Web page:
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Hannon v. State

Supreme Court of Florida

November 1, 2017

PATRICK C. HANNON, Appellant,
v.
STATE OF FLORIDA, Appellee. PATRICK C. HANNON, Appellant,
v.
STATE OF FLORIDA, Appellee.

         An Appeal from the Circuit Court in and for Hillsborough County, Michelle Sisco, Judge - Case No. 291991CF001927000AHC

          Neal Dupree, Capital Collateral Regional Counsel, Suzanne Myers Keffer, Chief Assistant, and Scott Gavin, Staff Attorney, Capital Collateral Regional Counsel, Southern Region, Fort Lauderdale, Florida, for Appellant

          Pamela Jo Bondi, Attorney General, Tallahassee, Florida, Timothy A. Freeland, Senior Assistant Attorney General, and Marilyn Muir Beccue, Assistant Attorney General, Tampa, Florida, for Appellee

          PER CURIAM.

         Patrick Hannon, a prisoner under sentences of death with an active death warrant, appeals the circuit court's orders denying his third and fourth successive motions for postconviction relief filed pursuant to Florida Rule of Criminal Procedure 3.851. We have jurisdiction. See art. V, § 3(b)(1), Fla. Const. For the following reasons, we affirm the circuit court's denial of both motions and deny his motions for stay of execution.

         FACTS AND PROCEDURAL HISTORY

         On direct appeal, this Court fully set forth the underlying facts. Hannon v. State (Hannon I), 638 So.2d 39, 41 (Fla. 1994). Relevant to the instant proceeding, Hannon was found guilty of two counts of first-degree murder for the killings of Brandon Snider and Robert Carter. Id. After a penalty phase, the jury returned two unanimous death sentences. Id. Hannon appealed, and we affirmed the convictions and sentences. Id. at 41-44. On February 21, 1995, the United States Supreme Court denied certiorari, Hannon v. Florida, 513 U.S. 1158 (1995), thus, Hannon's case became final on that date.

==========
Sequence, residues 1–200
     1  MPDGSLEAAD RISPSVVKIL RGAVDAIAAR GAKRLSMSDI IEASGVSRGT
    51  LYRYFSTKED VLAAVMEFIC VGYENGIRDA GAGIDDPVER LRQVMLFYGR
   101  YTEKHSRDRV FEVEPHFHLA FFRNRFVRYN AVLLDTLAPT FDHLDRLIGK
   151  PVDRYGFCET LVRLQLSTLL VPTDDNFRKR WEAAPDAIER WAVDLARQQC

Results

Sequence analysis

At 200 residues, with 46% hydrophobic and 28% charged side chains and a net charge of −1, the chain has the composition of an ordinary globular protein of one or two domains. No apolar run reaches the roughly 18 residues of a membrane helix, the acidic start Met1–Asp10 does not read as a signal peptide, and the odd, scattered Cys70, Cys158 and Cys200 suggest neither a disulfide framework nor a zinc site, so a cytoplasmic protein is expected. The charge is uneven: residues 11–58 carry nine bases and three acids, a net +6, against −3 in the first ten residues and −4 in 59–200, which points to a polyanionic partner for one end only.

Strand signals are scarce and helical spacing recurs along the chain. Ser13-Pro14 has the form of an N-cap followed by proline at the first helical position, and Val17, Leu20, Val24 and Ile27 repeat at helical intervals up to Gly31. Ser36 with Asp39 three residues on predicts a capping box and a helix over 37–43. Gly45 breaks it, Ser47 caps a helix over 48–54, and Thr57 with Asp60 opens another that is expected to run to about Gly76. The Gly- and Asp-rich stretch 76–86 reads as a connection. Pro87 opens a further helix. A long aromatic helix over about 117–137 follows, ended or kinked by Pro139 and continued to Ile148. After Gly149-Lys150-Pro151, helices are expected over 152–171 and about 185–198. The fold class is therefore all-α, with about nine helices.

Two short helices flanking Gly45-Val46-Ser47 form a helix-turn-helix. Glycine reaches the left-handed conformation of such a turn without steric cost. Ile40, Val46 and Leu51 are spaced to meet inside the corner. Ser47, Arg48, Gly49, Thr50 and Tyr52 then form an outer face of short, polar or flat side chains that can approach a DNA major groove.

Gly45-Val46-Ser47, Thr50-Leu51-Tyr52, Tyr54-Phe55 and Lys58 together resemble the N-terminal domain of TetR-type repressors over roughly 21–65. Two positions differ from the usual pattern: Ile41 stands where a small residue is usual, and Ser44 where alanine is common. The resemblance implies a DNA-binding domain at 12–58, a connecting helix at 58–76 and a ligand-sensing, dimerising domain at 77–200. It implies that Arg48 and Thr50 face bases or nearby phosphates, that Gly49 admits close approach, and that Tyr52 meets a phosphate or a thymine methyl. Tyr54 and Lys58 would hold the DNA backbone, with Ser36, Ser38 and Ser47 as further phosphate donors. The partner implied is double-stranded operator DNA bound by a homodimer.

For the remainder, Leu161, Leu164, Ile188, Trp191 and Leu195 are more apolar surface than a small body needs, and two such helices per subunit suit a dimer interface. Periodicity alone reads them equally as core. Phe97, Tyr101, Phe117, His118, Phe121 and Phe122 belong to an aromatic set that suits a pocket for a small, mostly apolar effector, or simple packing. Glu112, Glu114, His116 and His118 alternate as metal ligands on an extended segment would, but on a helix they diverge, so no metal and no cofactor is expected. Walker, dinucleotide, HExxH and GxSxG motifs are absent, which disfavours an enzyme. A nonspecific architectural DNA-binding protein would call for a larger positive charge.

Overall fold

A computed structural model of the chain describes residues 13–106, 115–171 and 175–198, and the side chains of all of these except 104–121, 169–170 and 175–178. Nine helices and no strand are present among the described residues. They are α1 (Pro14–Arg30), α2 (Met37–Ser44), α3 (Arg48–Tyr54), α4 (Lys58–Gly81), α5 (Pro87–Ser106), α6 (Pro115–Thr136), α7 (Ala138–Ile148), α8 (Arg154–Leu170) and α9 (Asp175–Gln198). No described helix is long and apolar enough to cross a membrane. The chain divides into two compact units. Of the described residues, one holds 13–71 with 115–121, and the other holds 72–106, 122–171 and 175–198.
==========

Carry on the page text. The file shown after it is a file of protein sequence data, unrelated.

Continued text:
We affirmed the denial of Hannon's initial motion for postconviction relief and denied his petition for writ of habeas corpus. Hannon v. State (Hannon II), 941 So.2d 1109, 1150 (Fla. 2006). During the pendency of his initial postconviction motion, Hannon filed an interlocutory appeal after the circuit court denied his motion to prohibit DNA testing, which this Court dismissed. Hannon v. State (Hannon III), 817 So.2d 847 (Fla. 2002) (Table).

         Additionally, Hannon sought federal relief pursuant to a writ of habeas corpus, which was denied. Hannon v. Sec'y, Dep't of Corr. (Hannon IV), 622 F.Supp.2d 1169 (M.D. Fla. 2007). The Eleventh Circuit Court of Appeals granted Hannon's request for a certificate of appealability on one issue, but it denied relief. Hannon v. Sec'y, Dep't of Corr. (Hannon V), 562 F.3d 1146 (11th Cir. 2009). [1]

         The postconviction court denied Hannon's first successive motion for postconviction relief, which we affirmed. Hannon v. State (Hannon VI), 94 So.3d 502 (Fla. 2012). Again, the postconviction court denied Hannon's second motion for postconviction relief, and we affirmed. Hannon v. State (Hannon VII), SC15-2363, 2016 WL 3352780 (Fla. June 16, 2016).

         Hannon filed his third successive motion for postconviction relief-while the second motion was pending appeal-raising various Hurst claims. The circuit court held the third successive motion in abeyance pending the outcome of Hannon's appeal in this Court on his second successive motion, which was decided on June 16, 2016. On August 4, 2016, the circuit court entered a stay on Hannon's third successive motion, pending our decision on the retroactivity of Hurst v. Florida, 136 S.Ct. 616 (2016). Following our various opinions, the circuit court denied Hannon's third successive motion without an evidentiary hearing. Hannon appealed, and we stayed the proceedings pending the resolution of Hitchcock v. State, 42 Fla.L.Weekly S753 (Fla. Aug. 10, 2017), petition for cert. filed, No. 17-6180 (U.S. Sept. 29, 2017). When Hitchcock became final, we lifted the stay and issued an order to show cause why the denial of Hannon's third successive motion for postconviction relief should not be affirmed.